People yearn for the light to shine all around the world, and so do you and I. The Good News of John’s Gospel is that Jesus was there long before our troubles began, and Jesus will be there long after they end. Jesus will suffer with us through all things, and nothing but the light of all people will have the final word. The light shines in the darkness, and the darkness did not overcome it.

When faced with unspeakable tragedy in his own life, Scottish minister Arthur John Gossip, wrestled with doubts and fears. But in the darkness of grief and despair, he said, “I don’t think you need to be afraid of life. Our hearts are very frail; and there are places where the road is very steep and very lonely. But we have a wonderful God. And as Paul puts it, what can separate us from [God’s] love?” The message of John, and of Christmas, is this: we gather here to welcome God into a world full of darkness as the light that will never burn out. We gather here to welcome God in the confidence that the night always yields to the dawn. Our present struggles are real and painful, but they will not be final, because, as John said then, and would say today, “the true light, which enlightens everyone, is coming into the world.”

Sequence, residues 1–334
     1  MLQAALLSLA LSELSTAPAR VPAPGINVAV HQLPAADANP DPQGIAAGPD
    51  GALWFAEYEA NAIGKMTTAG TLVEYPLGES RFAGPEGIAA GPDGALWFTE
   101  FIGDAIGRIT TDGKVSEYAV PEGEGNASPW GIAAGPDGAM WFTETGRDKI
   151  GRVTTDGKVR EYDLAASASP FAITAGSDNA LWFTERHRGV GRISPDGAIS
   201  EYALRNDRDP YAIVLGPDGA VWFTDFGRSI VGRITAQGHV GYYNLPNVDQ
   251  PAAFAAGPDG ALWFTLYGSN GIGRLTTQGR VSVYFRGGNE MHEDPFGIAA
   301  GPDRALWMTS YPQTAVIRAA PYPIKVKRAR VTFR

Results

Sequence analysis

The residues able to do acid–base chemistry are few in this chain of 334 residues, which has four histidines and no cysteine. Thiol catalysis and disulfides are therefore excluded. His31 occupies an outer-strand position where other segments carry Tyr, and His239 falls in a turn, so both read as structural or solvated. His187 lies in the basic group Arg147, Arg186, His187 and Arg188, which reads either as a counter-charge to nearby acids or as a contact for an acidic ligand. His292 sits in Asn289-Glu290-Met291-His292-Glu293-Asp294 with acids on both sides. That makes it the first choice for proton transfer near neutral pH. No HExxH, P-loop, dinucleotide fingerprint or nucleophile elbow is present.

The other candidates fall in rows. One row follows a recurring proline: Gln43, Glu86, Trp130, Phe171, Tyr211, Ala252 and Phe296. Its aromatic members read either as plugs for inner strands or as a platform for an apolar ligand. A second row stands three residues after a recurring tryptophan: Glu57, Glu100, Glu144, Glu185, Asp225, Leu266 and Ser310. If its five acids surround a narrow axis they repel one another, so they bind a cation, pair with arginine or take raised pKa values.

We’re facing the end of one tumultuous year after another, but through it all, we have come to this sanctuary each week, broken bread together, worshipped together, and suffered together. As we close 2019, we look forward to a 2020 that seems just as in doubt, just as scary, just as rife with division and strife as years past. But we’re still here. And each week, our acolyte carries in and carries out a light, a light that represents Christ, the light of all people. And that light is eternal. It was here long before we were and it will shine on long after we’re gone. We are not alone, and we never will be. Through all our troubles, that light will shine in the darkness, and the darkness will not overcome it. Amen.